The Federal College for Security Studies (BAKS) is now also taking up the question of whether Turkey can give up its traditional membership in NATO to join the Shanghai Cooperation Organization (SCO). The SCO, which is still largely unknown here, is an alliance with China and Russia at its core, which so far has been mainly concentrating on border protection and fighting terrorism. Meanwhile, the SCO has also begun to carry out joint military exercises. Russian-Chinese maneuvers have been held in the Mediterranean. For the coming year, SCO is preparing its first major round of expansion. India and Pakistan want to become members. Russia supports Iran's candidature. Turkey became one of the alliance's "dialogue partners" back in 2012. In November 2013, President Erdoğan reiterated his intention of seeking full membership. BAKS warns that "in light of Turkey's charm offensive toward the SCO, the alarm signals should be shrilly ringing in the EU and the USA." There are many indications that the People's Republic of China would refuse Turkey's membership. However, it is risky to rely on this possibility. That country is "strategically much too valuable" to the West.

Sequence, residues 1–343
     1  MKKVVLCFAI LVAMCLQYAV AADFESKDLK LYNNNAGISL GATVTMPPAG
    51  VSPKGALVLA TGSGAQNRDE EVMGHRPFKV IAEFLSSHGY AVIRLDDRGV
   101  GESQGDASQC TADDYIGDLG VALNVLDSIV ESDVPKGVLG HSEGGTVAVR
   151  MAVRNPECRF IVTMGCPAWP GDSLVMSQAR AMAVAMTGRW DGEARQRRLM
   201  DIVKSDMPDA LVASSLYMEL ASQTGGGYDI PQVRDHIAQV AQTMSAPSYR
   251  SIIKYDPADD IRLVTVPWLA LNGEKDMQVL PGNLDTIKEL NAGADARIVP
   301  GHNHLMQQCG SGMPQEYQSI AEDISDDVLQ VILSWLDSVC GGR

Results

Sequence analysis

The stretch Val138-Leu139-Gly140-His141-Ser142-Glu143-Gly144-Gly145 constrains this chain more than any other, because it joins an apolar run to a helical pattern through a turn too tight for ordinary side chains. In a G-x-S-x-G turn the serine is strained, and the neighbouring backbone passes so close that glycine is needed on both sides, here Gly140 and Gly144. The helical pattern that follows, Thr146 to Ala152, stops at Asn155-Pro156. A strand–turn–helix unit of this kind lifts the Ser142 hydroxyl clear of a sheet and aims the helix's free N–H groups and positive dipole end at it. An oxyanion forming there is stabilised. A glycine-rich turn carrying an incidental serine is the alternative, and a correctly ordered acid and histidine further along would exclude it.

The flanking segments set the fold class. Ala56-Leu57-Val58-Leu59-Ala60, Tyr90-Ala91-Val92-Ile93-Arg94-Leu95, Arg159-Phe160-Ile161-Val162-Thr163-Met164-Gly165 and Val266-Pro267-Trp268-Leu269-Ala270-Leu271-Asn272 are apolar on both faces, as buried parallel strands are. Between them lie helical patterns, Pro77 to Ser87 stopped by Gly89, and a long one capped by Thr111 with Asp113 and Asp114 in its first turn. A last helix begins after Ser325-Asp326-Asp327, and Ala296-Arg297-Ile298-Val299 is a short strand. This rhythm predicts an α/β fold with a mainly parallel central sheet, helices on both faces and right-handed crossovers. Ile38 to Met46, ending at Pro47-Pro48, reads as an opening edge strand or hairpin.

Loss of Power
Turkey's changing alliances would, in fact, be a serious blow for Berlin, not only because of the loss of the strategically very significant land bridge  to the Middle East. The West would also be seriously weakened at the Black Sea - with NATO countries and their allies along most of its coastline today. Should Turkey eventually join the SCO, an alliance with a non-European focus - aside from Russia - would, for the first time, be present on the European continent. That would be disastrous for the German establishment with its ambitions of becoming a world power.
Free Hand for Ankara